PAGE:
Trade tensions temper U.S.-China markets
JUN. 03, 2019
High-level trade negotiations between the U.S. and China stalled earlier in May, as officials in both countries saw potential for a better deal in part because of improving economic reports. The Trump administration hiked tariffs on $200 billion of Chinese imports from 10% to 25%, then signaled a broader 25% tariff on all remaining Chinese imports, worth roughly $320 billion. Both nations have exchanged escalating trade blows: China imposed new tariffs of its own on $60 billion of U.S. products, mostly agricultural imports; the U.S. followed suit with targeted sanctions against Chinese telecom firm Huawei.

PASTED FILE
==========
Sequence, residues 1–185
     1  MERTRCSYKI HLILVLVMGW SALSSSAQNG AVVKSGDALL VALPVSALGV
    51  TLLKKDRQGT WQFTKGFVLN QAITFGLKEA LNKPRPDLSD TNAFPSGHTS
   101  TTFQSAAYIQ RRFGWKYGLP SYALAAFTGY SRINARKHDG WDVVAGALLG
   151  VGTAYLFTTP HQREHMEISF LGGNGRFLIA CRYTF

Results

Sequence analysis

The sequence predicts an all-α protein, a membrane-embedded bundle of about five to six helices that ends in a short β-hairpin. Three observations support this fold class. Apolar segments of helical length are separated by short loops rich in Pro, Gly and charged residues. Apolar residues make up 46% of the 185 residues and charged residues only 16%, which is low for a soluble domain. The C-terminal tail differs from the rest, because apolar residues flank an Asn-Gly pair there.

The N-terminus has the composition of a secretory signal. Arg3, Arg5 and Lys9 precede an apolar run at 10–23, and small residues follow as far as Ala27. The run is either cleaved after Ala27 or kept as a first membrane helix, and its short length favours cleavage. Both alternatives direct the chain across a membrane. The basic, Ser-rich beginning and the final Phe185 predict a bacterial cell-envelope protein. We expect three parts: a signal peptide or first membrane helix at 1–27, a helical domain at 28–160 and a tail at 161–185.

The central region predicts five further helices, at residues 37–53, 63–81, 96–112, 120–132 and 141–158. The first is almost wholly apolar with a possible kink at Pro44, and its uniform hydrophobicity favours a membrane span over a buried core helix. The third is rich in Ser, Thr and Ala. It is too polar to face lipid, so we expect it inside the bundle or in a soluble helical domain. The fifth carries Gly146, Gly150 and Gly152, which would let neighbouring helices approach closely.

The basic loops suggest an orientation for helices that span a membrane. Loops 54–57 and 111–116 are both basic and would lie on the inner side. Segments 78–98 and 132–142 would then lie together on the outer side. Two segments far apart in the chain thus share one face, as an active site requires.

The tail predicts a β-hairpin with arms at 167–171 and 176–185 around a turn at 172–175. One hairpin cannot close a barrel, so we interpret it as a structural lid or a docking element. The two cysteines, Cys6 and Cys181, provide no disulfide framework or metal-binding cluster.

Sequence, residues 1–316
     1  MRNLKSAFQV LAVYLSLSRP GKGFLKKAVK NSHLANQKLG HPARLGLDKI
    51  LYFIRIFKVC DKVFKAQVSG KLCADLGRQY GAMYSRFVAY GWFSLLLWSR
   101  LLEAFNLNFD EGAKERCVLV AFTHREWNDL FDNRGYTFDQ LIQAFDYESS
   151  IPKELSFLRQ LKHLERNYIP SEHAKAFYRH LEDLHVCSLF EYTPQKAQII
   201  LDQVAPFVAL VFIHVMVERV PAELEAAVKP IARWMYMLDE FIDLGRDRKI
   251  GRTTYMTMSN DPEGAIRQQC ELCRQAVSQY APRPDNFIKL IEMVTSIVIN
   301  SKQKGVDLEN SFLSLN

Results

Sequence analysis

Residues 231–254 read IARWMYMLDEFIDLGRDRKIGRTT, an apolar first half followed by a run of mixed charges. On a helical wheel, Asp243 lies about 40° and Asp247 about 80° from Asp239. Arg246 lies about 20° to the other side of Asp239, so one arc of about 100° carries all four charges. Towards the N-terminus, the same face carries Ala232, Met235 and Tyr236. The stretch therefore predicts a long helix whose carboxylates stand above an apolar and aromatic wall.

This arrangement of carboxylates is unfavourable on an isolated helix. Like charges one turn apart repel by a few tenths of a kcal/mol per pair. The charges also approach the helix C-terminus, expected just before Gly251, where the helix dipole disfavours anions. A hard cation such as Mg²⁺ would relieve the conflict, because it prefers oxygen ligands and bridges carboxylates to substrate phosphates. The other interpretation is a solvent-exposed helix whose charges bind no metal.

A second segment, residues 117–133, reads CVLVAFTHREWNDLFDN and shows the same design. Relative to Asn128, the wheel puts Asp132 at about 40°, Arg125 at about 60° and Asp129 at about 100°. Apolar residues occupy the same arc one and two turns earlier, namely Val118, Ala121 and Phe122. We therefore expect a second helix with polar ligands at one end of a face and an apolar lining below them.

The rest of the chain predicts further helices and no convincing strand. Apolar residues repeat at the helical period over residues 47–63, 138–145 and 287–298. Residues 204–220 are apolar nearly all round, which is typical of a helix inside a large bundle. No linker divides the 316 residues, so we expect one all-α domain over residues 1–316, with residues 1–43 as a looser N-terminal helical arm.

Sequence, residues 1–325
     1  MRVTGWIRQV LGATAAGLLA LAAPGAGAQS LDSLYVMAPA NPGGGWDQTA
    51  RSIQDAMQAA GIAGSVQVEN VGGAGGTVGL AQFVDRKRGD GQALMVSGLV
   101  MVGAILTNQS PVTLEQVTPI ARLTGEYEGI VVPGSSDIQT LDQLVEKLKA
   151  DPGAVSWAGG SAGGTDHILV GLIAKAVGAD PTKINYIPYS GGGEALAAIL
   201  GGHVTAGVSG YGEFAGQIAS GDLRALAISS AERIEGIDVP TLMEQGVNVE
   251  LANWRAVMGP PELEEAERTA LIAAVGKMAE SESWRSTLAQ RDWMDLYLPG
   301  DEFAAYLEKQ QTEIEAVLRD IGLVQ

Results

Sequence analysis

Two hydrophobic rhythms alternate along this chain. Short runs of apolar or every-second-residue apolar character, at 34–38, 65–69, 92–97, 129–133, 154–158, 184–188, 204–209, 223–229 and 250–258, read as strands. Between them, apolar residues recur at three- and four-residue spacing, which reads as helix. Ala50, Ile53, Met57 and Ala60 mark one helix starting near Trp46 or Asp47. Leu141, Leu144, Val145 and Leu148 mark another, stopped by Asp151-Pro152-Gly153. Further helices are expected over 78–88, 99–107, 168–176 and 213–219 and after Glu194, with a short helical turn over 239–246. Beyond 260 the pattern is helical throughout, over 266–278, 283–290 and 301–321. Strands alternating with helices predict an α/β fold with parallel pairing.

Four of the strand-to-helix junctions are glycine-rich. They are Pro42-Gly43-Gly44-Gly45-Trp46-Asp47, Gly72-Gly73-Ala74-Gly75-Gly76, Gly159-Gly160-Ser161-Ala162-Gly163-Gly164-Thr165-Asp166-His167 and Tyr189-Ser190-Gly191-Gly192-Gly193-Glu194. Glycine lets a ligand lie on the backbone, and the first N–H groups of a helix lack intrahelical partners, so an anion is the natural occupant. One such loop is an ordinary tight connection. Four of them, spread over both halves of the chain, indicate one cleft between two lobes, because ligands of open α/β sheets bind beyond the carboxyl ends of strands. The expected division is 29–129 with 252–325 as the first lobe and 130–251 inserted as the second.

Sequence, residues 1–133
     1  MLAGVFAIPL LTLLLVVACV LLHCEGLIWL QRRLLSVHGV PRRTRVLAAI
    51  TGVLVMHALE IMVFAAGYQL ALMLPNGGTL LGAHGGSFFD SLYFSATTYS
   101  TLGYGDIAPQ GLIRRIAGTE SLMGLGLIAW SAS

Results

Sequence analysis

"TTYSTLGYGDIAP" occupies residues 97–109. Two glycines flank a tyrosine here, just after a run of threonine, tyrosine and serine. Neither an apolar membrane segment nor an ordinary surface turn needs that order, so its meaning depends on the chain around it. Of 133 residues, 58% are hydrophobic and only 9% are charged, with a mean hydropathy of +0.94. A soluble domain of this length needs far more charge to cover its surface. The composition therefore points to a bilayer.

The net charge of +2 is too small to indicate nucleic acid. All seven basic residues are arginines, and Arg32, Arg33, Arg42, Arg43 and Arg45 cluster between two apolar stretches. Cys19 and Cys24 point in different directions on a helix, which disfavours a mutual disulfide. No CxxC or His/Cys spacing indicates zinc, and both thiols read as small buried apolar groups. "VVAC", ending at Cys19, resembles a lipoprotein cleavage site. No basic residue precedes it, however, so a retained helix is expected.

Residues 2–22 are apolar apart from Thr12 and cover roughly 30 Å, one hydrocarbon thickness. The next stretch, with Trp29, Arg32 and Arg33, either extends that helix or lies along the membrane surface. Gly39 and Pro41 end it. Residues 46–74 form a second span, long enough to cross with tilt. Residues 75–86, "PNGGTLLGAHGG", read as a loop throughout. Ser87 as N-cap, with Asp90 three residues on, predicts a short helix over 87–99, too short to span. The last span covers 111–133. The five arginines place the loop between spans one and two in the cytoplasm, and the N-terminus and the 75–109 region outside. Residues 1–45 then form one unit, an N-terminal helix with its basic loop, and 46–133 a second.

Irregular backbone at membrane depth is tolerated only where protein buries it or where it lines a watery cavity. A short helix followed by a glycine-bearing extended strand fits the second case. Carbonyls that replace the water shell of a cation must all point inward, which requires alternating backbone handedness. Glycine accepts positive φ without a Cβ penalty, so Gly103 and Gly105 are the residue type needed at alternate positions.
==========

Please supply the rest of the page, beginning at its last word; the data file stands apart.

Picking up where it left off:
Equity markets in both countries have reeled in response to the ongoing skirmish. Coincidentally, spikes in trade rhetoric have appeared around the same time as new highs in the S&P 500®. But the impact has been noticeably worse in Chinese equity markets, which have dropped 10% since mid-April. Behind the divergence is the ability of the U.S. to pull multiple levers to help limit the damage on the broader U.S. economy. U.S. trade officials put some of these levers to use recently, cancelling tariffs on steel and aluminum imports from Canada and Mexico and delaying punitive trade barriers on auto imports from Europe and Japan.
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